Thursday, April 14, 2022

How Do You Love the Gospel?

I hear a lot of people talk about their love for the gospel. But then I also hear a lot of talk about how people “love” ice cream, their cars, their mates, their pets, and the NFL.

I’m pretty sure there’s a difference in each case.

There are different ways to love. Some of them are a million miles from the others. So what are people talking about when they say they really love the gospel?

I’m going to give you three different ways. There are probably more, but I’ve seen these three a lot.

Type 1: The Good Old Gospel

Some people love (what they call) “the gospel” the way they love Christmas. For them, it’s the “old, old story”, the “grand old gospel”. It’s warm, it’s comforting, it’s familiar, and it’s sentimentally satisfying. They feel happy when they hear it recited each Sunday and disappointed if they don’t hear it. Just hearing it makes them feel faithful, secure and obedient.

They even like fire-and-brimstone preaching because it strikes them as thrillingly defiant, and in any case they know they’re safely on the far side of any risk themselves. At the same time, they don’t really worry much about whether or not there are unbelievers present to hear it. They don’t feel anything is missing if deep teaching in their church is replaced with quick-hit “get-saved” messages. For them, it’s all good so long as “the good old gospel is being preached”.

They say they really love the gospel, but really they love it in much the same way old ladies love Royal Doulton figurines; as an aesthetic exercise, without regard to functionality.

Type 2: The Gospel as Life Preserver

But not everybody’s like that. There are people who love the gospel the way people love life preservers, charitable societies and universal health care; because of the good it does for people. It gets people out of hell and sends them to heaven. It makes them moral and gives them a reason to live. It organizes their lives and even their thoughts. It makes them better people, on the whole. And it makes them one of us.

These people thrill to numbers, to tracts, to altar calls and to missions biographies and to dates and signatures in the flyleaves of Bibles. They love the gospel because it saves souls.

Type 3: The Gospel as Doorway

These people love the salvation message as a doorway. No matter how ornate and welcoming a doorway is, its real function is to open the way to richer and better places beyond. It’s a way into a whole living space where one can move, grow and mature. More importantly, it’s the doorway into relationship. It makes one a beloved one among beloved ones, a saint among saints. And above all, it is the way into relationship with God the Father through our Lord Jesus Christ.

People who love the gospel this way love it because it’s not the end of the story, but rather the beginning of a wonderful new life that waits to be explored, appropriated and enjoyed. It is the doorway to heaven, because heaven is to see and know God. But relationships are ongoing things: they grow, they develop, they mature, they increase. The doorway of salvation is not the stopping point for people who love the gospel of Christ, for Christ is the goal of their gospel.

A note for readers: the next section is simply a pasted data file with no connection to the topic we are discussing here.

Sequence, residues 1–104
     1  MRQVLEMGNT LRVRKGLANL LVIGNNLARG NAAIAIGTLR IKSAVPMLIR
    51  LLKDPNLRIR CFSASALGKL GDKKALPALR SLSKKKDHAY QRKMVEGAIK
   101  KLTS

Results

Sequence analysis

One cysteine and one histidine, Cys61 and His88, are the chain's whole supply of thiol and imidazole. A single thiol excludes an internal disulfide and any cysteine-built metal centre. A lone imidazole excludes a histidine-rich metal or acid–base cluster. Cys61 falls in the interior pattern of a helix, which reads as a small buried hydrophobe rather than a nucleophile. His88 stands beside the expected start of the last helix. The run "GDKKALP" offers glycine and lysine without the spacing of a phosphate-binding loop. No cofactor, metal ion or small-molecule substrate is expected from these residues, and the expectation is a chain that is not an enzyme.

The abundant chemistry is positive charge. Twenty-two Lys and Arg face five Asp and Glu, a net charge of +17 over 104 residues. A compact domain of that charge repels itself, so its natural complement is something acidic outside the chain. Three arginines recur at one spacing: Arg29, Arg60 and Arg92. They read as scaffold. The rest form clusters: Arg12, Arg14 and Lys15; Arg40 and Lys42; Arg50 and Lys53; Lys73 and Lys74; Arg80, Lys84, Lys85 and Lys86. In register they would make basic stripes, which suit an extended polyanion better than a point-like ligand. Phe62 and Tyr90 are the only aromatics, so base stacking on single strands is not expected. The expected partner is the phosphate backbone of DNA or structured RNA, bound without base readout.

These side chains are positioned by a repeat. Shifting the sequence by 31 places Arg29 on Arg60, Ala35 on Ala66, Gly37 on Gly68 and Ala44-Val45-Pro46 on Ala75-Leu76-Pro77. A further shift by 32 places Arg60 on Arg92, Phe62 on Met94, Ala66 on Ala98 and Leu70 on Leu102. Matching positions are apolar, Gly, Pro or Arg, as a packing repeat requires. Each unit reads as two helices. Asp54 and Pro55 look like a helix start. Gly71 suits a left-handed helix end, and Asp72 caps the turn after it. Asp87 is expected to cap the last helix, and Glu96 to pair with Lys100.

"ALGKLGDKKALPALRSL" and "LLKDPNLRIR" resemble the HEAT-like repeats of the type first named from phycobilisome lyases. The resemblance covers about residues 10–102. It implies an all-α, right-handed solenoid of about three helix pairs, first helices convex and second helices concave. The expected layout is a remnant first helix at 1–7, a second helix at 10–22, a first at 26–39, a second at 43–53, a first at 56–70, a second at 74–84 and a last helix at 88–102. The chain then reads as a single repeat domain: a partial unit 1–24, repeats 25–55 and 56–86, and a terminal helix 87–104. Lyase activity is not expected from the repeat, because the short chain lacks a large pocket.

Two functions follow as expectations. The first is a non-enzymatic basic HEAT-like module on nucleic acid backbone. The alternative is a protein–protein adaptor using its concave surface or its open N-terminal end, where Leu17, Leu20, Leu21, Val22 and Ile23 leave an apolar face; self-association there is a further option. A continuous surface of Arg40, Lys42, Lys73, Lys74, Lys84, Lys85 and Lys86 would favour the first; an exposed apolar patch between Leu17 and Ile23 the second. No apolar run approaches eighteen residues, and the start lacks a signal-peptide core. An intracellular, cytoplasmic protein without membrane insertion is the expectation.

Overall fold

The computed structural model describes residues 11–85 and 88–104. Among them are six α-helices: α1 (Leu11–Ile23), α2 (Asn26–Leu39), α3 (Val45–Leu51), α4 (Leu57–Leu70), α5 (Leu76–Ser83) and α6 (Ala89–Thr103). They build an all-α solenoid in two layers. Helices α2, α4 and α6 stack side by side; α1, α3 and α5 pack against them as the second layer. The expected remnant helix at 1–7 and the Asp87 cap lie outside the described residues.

One of the hallmarks of these lovers of the gospel is that they don’t just love evangelism; they love discipleship. They don’t just long to see people escaping death but growing into fullness of life. They know that the course isn’t completed until all believers come into that fullness.

The Key Question

When we say we “love the gospel”, who is it we are really loving?

If we love the “good old gospel”, we are really loving only ourselves. We are indulging ourselves in sentimental traditions but not spending much thought on whether or not those traditions are actually communicating the gospel to others or achieving the divine purpose.

If we love the gospel for salvation, then we are loving mankind. Yet we don’t love them much. We love only in a blinkered and myopic way, seeing only the objective of rescue but not any further potential. We may even be lazy, willing to do just enough to get the saved “across the line”, so to speak, but unenthused about the work of taking him or her any further, and really, uncaring about the whole question of why the Lord has saved him or her in the first place.

Only if we love the gospel as what it is — a doorway — are we genuinely loving God. For then we are loving it for its utility to him in achieving his declared purpose — namely, to bring men and women to ongoing life and relationship with him, to constitute them as worshipers and faithful saints, his eternal companions, friends and beloved ones.

Convicting Bit

So do you love the gospel?

Just how do you love it?

Want to know how to tell? Ask yourself this: how are your personal resources and the resources of your local church being expended? Are you focusing on recycling the message, but not concerning yourself with who is present to hear it? Are you notching your gun for each “soul” saved, but taking little thought for their lives beyond? Or are you focused on what gives the Lord what he desires — true worshipers, true disciples, true saints, a Body worthy of our great Head?

So do we really love the gospel?

And should we not start to love it the better way?

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